Suzuki has completely updated the sixth generation GSX-R1000, the first complete upgrade of the GSX-R in several years. It gets an all-new engine, new frame, new suspension and comes loaded to the brim with electronic rider aids. We get some track time on the new Suzuki GSX-R1000 and the top-of-the-line GSX-R1000R
Preetam Bora By Preetam Bora | Published: Jul 10, 2017 07:21 PM
2017 Suzuki GSX-R1000R First Ride Review View Photos
GSX-R1000 and top-spec GSX-R1000 share same engine, chassis and bodywork
Suzuki GSX-R1000R gets better suspension, cornering ABS, quickshifter
The 2017 Suzuki GSX-R1000 is a completely all-new model
Rocketing down the straight at Kari Motor Speedway in Coimbatore, I have just about enough time to take a quick glance at the speedo, before it’s time to slam on the brakes, downshift three cogs and open the throttle, as we take the sharp right-hander on the first corner. The Brembo monobloc calipers grip the 320 mm twin discs, the ABS ensures there’s no drama, and the Suzuki GSX-R1000R I am astride quickly sheds speeds quickly from the region of 200 kmph.
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As I cautiously open the throttle on the first corner, I notice an amber light flashing on the top right corner of the instrument panel. It’s the traction control indicator; the 10-level motion track traction control is dialed way up, so at the slightest turn, the smallest throttle input, the electronics kick in to rein in over 200 bhp of power and 117.6 Nm of torque from the 999 cc in-line four engine. Just as well, I thought, dipping the 203 kg bike onto the series of corners up ahead.
suzuki gsx r1000 gsx r1000r first ride
The GSX-R1000R gets motion track traction control, cornering ABS, six-axis IMU
The surface of the Kari track is uneven in sections, and there is even loose gravel as well, so we have to be extra cautious, but there’s no drama whatsoever. The inertial measurement unit calculates the dynamics of the bike along six different axes, and accordingly adjusts the power, traction and even the ABS. I downshift to second and open the gas wide open as we hit the beginning of the straight. The in-line four screams out and the digital speedo climbs quickly, before it’s time to give the brakes one more workout.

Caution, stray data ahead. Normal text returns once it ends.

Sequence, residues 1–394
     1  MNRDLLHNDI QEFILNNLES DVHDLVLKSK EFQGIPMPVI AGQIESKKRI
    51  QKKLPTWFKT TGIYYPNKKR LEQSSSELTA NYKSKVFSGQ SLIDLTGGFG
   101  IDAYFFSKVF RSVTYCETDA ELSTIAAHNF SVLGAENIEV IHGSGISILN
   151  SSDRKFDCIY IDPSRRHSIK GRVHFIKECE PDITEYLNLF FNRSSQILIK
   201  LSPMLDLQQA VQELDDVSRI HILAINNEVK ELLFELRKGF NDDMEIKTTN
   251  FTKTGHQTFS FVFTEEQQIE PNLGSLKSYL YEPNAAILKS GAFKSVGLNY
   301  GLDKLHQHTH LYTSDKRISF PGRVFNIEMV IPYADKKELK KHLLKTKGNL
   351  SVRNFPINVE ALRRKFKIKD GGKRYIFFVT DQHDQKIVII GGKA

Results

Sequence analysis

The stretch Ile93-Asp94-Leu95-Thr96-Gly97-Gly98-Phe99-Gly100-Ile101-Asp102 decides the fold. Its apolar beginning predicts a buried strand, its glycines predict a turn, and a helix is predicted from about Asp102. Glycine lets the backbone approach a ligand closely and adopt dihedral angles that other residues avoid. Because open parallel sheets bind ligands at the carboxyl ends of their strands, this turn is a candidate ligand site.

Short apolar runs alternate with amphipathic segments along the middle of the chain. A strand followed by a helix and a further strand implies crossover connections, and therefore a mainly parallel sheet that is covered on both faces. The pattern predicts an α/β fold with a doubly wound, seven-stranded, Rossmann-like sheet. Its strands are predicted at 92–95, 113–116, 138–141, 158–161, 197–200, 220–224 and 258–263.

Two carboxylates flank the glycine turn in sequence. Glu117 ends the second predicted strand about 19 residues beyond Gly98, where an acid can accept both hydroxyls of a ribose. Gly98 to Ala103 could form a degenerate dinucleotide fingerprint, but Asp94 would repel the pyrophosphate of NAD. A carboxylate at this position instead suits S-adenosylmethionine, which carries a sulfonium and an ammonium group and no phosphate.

The last time the GSX-R1000 got an update was several years ago, but this time, the bike is almost all-new from the ground up. It gets a completely new engine, new chassis, new suspension, new swingarm, and even a sleeker, more aerodynamic body. The bike gets LED headlamps, LED taillamps, and an LED instrument panel as well. There are just three simple riding modes – A, B and C with each mode allowing full power with decreasing levels of aggression. C is recommended for city or wet weather riding. But the riding modes don’t allow you to customise individual settings of the electronics.The engine has a broad range of torque and power, thanks to variable valve timing, borrowed from Suzuki’s MotoGP bike.
suzuki gsx r1000 gsx r1000r track ride
The 999 cc engine offers a broad range of power and will complement street riding as well
The afternoon at Kari began with a few laps of the base variant GSX-R1000. It shares the same engine, same chassis, and same bodywork and has Showa Big Piston forks up front. The top-end R variant gets top of the line Showa Balance Free forks and shock, and also gets cornering ABS, bi-directional quickshifter and launch control. Swapping bikes after the first four laps, the difference is immediately apparent. The suspension settings on both bikes have been kept on factory standard setting, but the R feels plush, and easier to handle on the uneven stretches of the track. The quikshifter works like a dream and shifts are smooth and effortless.